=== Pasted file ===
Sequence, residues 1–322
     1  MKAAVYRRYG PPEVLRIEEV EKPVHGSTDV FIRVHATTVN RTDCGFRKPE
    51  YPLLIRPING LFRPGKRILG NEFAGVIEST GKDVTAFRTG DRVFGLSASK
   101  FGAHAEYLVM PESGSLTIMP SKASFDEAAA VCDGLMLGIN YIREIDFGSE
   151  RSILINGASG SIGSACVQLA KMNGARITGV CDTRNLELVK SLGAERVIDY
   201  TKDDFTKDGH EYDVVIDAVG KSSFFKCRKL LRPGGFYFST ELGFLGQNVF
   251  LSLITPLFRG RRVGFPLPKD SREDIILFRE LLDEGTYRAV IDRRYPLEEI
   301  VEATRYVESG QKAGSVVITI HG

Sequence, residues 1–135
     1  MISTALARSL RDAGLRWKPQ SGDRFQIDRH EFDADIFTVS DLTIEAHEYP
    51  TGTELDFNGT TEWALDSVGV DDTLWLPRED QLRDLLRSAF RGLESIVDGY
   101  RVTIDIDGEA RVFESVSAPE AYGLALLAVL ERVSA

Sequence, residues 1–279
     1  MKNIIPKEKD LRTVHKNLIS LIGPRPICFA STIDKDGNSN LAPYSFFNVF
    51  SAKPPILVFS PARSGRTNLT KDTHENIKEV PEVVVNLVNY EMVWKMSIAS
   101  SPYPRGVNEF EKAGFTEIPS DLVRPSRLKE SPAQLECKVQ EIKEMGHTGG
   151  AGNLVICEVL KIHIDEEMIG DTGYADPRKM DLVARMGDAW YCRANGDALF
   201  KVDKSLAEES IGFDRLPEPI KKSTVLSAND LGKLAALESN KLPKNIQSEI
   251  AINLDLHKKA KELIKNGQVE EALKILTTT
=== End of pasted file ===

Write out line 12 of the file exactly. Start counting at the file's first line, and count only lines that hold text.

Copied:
   101  RVTIDIDGEA RVFESVSAPE AYGLALLAVL ERVSA